U.S NGO Trains 125 Traditionalists’ Children In Osogbo

  By David Adejuwon A U.S Based Non-Governmental Organization, DuniaFore Foundation recently screened the popular Afro-centric movie, Black Panther to children of Traditionalists in Osogbo, capital of the State of Osun. Screening of the movie was part of grand finale of the NGOs annual month-long summer class tagged Asalaye Academy; an initiative that, enriches traditionalists…”
Yusuf
August 3, 2018 11:53 am

 

By David Adejuwon

A U.S Based Non-Governmental Organization, DuniaFore Foundation recently screened the popular Afro-centric movie, Black Panther to children of Traditionalists in Osogbo, capital of the State of Osun.

Screening of the movie was part of grand finale of the NGOs annual month-long summer class tagged Asalaye Academy; an initiative that, enriches traditionalists children with academics while emphasing pan-African awareness and pride in African culture.

The Founder of the NGO, Dr Nzinga Olabisi Metzger, who is an African-America Anthropologist with Sierra Leonean origin, told reporters that her passion for the emancipation of African Traditional Religion made her setup the annual academy which held in classrooms provided by the Araba Awo of Osogboland, Chief Ifayemi Elebuibon.

The “Asalaye Academy” project according to Dr Nzinga seeks to bridge the gap by giving a sense of belonging to Children of Traditional Worshipers who are condemned in the curriculum of western education which centers only on Islam and Christianity.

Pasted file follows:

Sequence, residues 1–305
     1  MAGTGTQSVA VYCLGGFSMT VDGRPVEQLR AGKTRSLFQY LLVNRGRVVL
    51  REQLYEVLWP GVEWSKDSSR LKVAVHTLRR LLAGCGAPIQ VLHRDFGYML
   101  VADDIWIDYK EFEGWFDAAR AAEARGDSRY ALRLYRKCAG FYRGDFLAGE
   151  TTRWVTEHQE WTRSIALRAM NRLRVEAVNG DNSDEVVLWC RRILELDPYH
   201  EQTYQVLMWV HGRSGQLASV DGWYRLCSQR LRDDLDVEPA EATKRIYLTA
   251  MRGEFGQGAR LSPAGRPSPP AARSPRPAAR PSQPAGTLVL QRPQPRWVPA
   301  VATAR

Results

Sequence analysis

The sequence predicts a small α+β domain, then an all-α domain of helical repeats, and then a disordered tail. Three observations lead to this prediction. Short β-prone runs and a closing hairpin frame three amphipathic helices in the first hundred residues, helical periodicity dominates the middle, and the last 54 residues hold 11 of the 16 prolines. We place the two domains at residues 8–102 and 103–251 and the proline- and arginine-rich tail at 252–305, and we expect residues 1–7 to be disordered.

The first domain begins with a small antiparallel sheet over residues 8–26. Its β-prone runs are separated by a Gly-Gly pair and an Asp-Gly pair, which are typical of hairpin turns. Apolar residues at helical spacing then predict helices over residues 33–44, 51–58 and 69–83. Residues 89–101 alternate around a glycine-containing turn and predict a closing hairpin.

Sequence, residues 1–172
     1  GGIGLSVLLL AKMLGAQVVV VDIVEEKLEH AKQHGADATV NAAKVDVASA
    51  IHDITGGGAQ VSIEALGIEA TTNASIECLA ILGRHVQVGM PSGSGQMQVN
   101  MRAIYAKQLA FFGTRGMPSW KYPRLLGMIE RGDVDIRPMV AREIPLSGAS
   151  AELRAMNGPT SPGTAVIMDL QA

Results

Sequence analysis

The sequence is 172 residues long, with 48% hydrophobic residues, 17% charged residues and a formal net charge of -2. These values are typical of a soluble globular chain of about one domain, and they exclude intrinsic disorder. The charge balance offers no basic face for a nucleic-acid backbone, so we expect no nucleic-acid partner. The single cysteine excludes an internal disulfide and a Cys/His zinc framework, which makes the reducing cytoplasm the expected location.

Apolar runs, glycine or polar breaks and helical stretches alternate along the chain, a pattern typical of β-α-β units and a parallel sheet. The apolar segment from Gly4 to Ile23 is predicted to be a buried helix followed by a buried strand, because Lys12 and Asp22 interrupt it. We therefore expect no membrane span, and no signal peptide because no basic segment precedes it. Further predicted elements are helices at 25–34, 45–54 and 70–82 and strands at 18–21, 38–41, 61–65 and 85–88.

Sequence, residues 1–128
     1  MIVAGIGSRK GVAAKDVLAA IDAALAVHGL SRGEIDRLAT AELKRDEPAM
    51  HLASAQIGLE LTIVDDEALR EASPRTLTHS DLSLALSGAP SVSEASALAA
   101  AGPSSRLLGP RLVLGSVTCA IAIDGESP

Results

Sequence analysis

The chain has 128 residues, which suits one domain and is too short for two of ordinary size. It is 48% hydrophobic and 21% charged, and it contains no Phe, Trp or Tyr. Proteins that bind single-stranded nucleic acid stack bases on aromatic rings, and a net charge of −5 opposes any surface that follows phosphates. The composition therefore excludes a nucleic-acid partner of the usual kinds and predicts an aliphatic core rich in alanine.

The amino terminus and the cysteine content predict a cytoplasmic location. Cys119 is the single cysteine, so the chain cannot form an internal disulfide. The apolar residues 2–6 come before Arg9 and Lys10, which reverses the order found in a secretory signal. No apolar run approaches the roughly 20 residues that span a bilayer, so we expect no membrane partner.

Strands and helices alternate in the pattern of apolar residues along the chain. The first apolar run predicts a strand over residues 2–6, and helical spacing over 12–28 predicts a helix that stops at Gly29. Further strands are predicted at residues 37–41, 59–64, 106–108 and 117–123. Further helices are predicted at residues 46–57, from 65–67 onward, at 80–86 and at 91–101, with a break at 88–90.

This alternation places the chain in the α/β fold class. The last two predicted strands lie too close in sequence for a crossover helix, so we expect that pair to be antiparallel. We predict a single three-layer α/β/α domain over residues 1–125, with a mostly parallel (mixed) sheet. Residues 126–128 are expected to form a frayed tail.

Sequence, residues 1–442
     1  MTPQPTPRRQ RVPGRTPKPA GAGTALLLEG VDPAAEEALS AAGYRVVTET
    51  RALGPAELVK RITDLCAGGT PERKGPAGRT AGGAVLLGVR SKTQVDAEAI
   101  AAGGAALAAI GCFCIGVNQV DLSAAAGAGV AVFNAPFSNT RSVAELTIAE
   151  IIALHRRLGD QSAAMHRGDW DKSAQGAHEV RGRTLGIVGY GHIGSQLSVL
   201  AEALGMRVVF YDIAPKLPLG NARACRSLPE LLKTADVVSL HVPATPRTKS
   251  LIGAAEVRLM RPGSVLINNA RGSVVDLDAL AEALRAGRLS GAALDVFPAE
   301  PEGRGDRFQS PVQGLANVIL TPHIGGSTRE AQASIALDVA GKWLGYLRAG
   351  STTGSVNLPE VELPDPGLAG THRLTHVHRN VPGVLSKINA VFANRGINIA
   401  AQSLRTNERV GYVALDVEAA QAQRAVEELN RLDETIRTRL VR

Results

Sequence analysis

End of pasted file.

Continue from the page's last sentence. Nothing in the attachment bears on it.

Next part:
The academy for the past four weeks trained 125 children of ages 7 -17 in Osogbo, capital of the State of Osun, feeding them, providing instructional materials and tutoring them in courses geared towards re-awakening the consciousness of traditionalists values embedded in the religion and also motivate the children to pursue their futuristic dreams without minding the social stigma on them.

Olabisi said “There is a kind of societal colouration to being a traditionalist. We have discovered that the normal school curriculum in Nigeria does not create a space for the Traditional religion to be learnt as we have in the two religions brought by missionaries to Nigeria.”

“We are also trying to establish the Pan-Africanism in the values of the traditional religion on them in a bid to change the idea of backwardness and illiteracy associated with the traditional religion and its worshipers. The curriculum also opens the children’s minds to the history of their continent fusing it with the current trends in the Global space.”

“So far, some of the students have the full knowledge of the African continent, the countries, cultures and tradition. They have also been taught how to become self-reliant and pan Africanists. What has excited me more in all of these is the ability of those participants who have been able to learn more and become better traditionalists and contributors to their society.”

With 2 years running, Metzger expressed her readiness to cover the South West States in Nigeria with efforts to expand Asalaye Academy to Sierra Leone and bring cultural focused programming to other places in the diaspora.

 

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